At the Handel Group, it’s that time of year where all of us coaches get together and acknowledge the things we like about each other. It was my turn a few weeks ago, and I listened for ten minutes as some of my favorite people in the world told me what they admired about me. They celebrated how eager and quick I am to learn new things, and how brave, tenacious, and resilient I can be in following what my heart tells me. They told me that I was talented at speaking and teaching others, and brilliant at inspiring other people with the power of our methodology. They told me that I am a fundamental pillar of this company and utterly trusted. It was a powerful ten minutes.
Praise is a beautiful thing, and so you would think that I was on cloud nine after this acknowledgment session. In many ways, I was, but another part of me was sharply uncomfortable. And that’s because I don’t really want to believe that I am all that great.
I see this all the time with some of the students in my Stanford class: despite all evidence to the contrary, many insist on believing that they are pathetic frauds at science. The fact that they are Ph.D. students at Stanford, are performing research that will change the face of science, and have won prestigious government grants does not deter them from doggedly insisting that they are worthless. How can such brilliant, logical minds really believe they are worthless, in the face of such overwhelming evidence to the contrary?
They don’t want to believe that they are great, because it’s a lot of responsibility to be great.
Think about it for a minute. If you fully admitted to yourself that you were great, then you’d hold yourself responsible for a heck of a lot more. And who wants that sort of expectation? For example, imagine that you have two friends going out for karaoke. One is known for being a mediocre singer. The other is known for being a fantastic singer. Now, when the mediocre one gets on stage, there is no pressure. If she sings poorly, then it’s no big deal; no one was expecting much, including her. But if she sings well, wow, it’s a pleasant surprise and everyone is happy.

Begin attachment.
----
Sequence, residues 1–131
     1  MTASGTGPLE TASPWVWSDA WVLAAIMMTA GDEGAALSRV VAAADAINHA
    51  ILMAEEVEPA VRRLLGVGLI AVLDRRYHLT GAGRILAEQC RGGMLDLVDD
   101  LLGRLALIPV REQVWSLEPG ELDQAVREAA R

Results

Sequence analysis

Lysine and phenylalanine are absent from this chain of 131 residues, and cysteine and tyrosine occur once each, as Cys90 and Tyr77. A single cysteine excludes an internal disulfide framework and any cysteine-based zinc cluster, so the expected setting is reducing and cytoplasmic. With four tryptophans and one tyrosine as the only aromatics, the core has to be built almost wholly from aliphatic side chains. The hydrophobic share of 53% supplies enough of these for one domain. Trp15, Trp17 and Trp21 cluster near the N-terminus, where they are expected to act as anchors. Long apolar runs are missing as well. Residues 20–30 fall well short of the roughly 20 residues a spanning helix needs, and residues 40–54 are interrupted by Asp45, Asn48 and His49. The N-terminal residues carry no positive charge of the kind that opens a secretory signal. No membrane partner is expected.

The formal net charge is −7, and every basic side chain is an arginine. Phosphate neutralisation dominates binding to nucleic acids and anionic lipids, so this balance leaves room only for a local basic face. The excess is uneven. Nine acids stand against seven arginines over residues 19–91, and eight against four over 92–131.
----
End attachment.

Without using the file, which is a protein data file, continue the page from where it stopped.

On the other hand, when the good singer takes the stage, everyone is expecting a stellar performance. If she delivers, then no one is surprised. It’s business as usual. But if she, for whatever reason, does not perform well, then everyone is disappointed, including herself. I have found that many of us would rather be the mediocre singer in this situation than be the talented singer, even if we don’t openly see or acknowledge this desire.
We feel much less pressure if we have a lowered expectation of ourselves.
And so we turn a blind eye to the abundant evidence that we actually are pretty great, because if we really were that great, then we would have to hold a higher bar for ourselves. We would have to deliver on the karaoke floor.
The problem with trying to be the mediocre singer is that then phrases start creeping into our vocabulary like “I don’t believe in myself” and “low self-esteem” and “I beat myself up.” What used to be a clever diversionary tactic takes on a life of its own, until you genuinely feel that you don’t believe in yourself and aren’t great. That isn’t much fun. Much better to risk the occasional let-down on the karaoke floor and get to live in greatness.
Perhaps most detrimentally of all, refusing to acknowledge your own greatness means that you don’t fully bring your talents and gifts to bear in the world, where they can do the most good.
For example, some of my Stanford students don’t brainstorm creative scientific ideas with their peers, or contribute fully in meetings and conferences, because they don’t think that they have anything much to say. That is robbing the world, because they do have something valuable to say. It is a responsibility to hold yourself accountable for delivering greatness, but it’s a responsibility worth taking on.
So, I decided to cherish my colleagues’ praises as encouragement and loving expectations. They know I am great, have done great things in the past and will in the future. It is a big responsibility, but I’m up for the challenge again this year.
What is your unique brand of greatness? Isn’t it time that you acknowledged it?
A blog by Dr. Samantha Sutton, VP of Courses and Seminars and Senior Coach at The Handel Group
Blog reprinted from Mind Body Green
Image courtesy of http://www.flickr.com/photos/moggsoceanlane